Tihar jail has 53 Kashmiris. Like Dar, most were framed

Lost time Dar with his family after being exonerated
Lost time Dar with his family after being exonerated
Photo: Shahid Tantray

GHULAM MOHIDEEN Dar suffered for no cause, no idea, no movement — just for being a Kashmiri. A thought that haunts him as he adjusts to new realities of life after being freed from a long incarceration. Dar contested the 2004 Parliamentary election from the Pulwama-Islamabad constituency as an independent candidate and later joined the Congress. He was also a dealer in Gulnar tea, and frequently came to Delhi on business. On one such trip on 15 June 2005, Dar met the then minister of state for defence and also sought an appointment with the President.

For almost 15 days after that, his family got no news of his whereabouts. On 2 July, the Delhi Police produced Dar, his friend Nazir Ahmad and two other Kashmiri youth — Bashir Ahmad and Saqib ur Rehman — before the media, alleging they had planned to blow up Palam Airport. The foursome had supposedly been arrested after an encounter on the Delhi- Gurgaon road. The police also claimed they had recovered from Dar a map of the airport, grenades and Chinese pistols. At his house in Zewan, they allegedly found Rs 5,000 in fake currency notes.

On 8 July, Dar’s neighbour Abdul Majid, employed with the Power Development Department of J&K, went missing from outside his home, only to surface on 11 July at the Paharganj police station in Delhi as a co-accused in the case.

Thus began a long ordeal — of the fight for justice and the rounds of the court. Why was Dar arrested even after he told the police that he was a Congress worker in Kashmir? The key may lie with Military Intelligence officer Major Rajesh Saroi, alias Major Sharma, posted in Alochi Bagh, Srinagar. “Dar and I refused to work for him. Since he couldn’t hurt us here, he took his revenge in Delhi,” says Majid, who lost his job following the arrest. “He told Special Cell Sub-Inspector Ravinder Tyagi about us and together they got us into this misery.”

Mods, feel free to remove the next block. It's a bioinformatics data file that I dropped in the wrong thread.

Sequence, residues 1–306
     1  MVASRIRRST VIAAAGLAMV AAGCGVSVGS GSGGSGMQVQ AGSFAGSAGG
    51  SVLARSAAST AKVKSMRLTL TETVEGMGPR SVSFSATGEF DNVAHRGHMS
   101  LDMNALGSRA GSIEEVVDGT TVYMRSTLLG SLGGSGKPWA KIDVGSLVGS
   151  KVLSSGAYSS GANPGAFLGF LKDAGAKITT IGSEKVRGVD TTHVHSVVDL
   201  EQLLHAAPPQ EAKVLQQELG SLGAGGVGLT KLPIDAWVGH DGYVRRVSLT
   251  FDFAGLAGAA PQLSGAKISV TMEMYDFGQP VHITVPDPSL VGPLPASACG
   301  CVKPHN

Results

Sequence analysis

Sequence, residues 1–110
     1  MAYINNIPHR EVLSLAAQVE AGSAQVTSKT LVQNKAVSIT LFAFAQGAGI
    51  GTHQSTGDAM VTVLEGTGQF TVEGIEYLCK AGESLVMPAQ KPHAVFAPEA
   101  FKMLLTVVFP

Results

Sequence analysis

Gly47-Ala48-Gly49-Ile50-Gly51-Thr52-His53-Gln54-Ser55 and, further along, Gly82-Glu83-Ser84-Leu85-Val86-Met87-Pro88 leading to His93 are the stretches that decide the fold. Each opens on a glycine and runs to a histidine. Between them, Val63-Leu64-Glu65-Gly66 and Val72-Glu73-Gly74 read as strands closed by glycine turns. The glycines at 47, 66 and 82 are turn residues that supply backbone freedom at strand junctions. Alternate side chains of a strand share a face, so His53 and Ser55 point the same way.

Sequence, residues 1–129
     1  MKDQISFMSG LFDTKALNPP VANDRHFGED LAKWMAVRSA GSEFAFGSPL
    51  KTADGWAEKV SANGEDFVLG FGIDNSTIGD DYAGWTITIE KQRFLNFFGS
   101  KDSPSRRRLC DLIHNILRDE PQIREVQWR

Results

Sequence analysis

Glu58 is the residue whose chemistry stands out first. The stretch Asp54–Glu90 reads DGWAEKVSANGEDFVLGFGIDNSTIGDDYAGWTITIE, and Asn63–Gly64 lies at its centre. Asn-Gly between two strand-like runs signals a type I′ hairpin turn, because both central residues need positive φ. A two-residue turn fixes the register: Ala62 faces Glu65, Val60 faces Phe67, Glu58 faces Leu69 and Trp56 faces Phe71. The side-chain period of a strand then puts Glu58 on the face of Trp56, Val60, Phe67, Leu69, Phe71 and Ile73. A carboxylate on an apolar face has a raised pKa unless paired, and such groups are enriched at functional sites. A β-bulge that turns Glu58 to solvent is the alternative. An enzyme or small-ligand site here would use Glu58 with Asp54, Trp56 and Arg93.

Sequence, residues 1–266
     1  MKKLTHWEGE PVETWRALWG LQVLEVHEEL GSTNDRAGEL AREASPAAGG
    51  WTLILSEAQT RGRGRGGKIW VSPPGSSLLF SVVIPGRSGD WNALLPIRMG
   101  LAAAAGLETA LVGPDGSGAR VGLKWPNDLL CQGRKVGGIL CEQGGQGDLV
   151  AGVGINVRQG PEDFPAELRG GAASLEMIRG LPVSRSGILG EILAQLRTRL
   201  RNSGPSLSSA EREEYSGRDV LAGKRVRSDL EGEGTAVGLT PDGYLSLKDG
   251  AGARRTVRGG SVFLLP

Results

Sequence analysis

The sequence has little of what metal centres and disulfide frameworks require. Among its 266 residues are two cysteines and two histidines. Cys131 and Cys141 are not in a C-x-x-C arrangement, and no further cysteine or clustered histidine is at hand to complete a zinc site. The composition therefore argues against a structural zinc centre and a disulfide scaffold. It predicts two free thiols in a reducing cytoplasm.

It took a good lawyer — SN Thakur — to get Dar and the others out of Tihar jail, where they were imprisoned for six years. In 2008, Dar, an MPhil in History, filed 500- odd RTIs to expose the loopholes in the case. “I proved that the Indica car shown in recovery was not stolen as claimed by the police,” he avers. “I also clarified that we could be booked under the Arms Act and not the Explosives Act since the blast never happened.” Finally, the Dwarka District & Sessions Court was convinced there was no case at all. Judge Virender Bhatt upheld the innocence of the five accused and acquitted them. The court also directed the SHO, Kapashera, to lodge a case against the erring policemen.”

Dar says that there are 53 Kashmiri prisoners in Tihar, 90 percent like him — innocent and falsely implicated. He still lives in mortal fear of being accused in another case. “The Delhi Police is really angry and I, my lawyer and all of us live in the fear of an FIR with blank spaces where they could insert our names,” he says.

Back home, Dar finds the future looks bleak — not only for him but his children, who attend a government school as the family can no longer afford private education. “It is hard to find my place here and I don’t know what will compensate for my wife’s tears and my children’s lonely, fearful nights,” he laments. “Everything seems to have changed.”

Zahid Rafiq is Correspondent with Tehelka 
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